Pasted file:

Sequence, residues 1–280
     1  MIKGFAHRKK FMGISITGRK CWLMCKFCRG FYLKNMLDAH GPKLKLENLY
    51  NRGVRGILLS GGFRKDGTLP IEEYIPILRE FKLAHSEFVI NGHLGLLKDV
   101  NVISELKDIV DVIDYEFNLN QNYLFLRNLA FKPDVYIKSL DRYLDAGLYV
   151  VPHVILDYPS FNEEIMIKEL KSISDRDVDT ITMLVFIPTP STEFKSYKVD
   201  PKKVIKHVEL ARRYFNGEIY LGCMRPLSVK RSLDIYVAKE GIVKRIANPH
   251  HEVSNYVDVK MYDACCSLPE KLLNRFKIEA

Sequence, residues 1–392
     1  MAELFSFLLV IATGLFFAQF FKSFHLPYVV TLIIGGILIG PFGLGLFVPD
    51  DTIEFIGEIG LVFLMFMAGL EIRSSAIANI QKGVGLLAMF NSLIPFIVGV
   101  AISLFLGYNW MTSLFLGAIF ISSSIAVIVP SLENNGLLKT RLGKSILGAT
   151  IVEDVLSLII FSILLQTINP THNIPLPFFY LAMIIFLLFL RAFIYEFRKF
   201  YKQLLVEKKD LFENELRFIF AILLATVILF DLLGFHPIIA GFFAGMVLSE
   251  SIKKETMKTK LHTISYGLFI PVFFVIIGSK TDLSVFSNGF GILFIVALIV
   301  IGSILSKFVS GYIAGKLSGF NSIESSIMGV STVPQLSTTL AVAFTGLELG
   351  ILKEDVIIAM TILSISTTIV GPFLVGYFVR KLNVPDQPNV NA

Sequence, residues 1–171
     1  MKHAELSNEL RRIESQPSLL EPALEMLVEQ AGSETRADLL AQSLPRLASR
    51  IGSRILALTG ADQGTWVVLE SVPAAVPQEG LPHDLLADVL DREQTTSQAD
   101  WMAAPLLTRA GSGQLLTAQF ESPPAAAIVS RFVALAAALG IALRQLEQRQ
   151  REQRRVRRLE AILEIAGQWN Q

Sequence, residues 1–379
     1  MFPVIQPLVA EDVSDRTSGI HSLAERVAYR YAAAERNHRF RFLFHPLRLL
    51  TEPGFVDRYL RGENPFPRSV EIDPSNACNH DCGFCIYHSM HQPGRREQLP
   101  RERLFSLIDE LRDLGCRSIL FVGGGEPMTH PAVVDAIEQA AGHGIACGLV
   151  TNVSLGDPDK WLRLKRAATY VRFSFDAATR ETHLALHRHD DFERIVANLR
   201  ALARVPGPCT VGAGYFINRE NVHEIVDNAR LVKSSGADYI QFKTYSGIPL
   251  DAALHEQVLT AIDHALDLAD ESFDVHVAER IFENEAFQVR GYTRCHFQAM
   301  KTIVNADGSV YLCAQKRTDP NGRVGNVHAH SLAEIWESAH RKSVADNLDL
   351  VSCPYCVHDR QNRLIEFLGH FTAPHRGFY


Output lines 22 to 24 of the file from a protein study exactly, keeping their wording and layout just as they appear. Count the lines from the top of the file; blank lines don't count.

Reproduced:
Sequence, residues 1–379
     1  MFPVIQPLVA EDVSDRTSGI HSLAERVAYR YAAAERNHRF RFLFHPLRLL
    51  TEPGFVDRYL RGENPFPRSV EIDPSNACNH DCGFCIYHSM HQPGRREQLP